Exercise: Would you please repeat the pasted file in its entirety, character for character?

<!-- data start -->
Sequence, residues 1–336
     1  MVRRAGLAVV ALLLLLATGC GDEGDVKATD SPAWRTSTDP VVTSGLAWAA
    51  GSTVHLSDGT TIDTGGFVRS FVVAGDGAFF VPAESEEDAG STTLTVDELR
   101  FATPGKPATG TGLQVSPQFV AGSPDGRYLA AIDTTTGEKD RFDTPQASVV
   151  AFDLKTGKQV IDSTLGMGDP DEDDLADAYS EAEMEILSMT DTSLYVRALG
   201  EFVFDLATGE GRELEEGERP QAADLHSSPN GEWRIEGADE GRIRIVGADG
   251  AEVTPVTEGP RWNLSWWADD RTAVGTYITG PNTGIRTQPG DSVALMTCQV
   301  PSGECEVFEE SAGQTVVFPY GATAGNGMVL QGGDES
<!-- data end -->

Sequence, residues 1–336
     1  MVRRAGLAVV ALLLLLATGC GDEGDVKATD SPAWRTSTDP VVTSGLAWAA
    51  GSTVHLSDGT TIDTGGFVRS FVVAGDGAFF VPAESEEDAG STTLTVDELR
   101  FATPGKPATG TGLQVSPQFV AGSPDGRYLA AIDTTTGEKD RFDTPQASVV
   151  AFDLKTGKQV IDSTLGMGDP DEDDLADAYS EAEMEILSMT DTSLYVRALG
   201  EFVFDLATGE GRELEEGERP QAADLHSSPN GEWRIEGADE GRIRIVGADG
   251  AEVTPVTEGP RWNLSWWADD RTAVGTYITG PNTGIRTQPG DSVALMTCQV
   301  PSGECEVFEE SAGQTVVFPY GATAGNGMVL QGGDES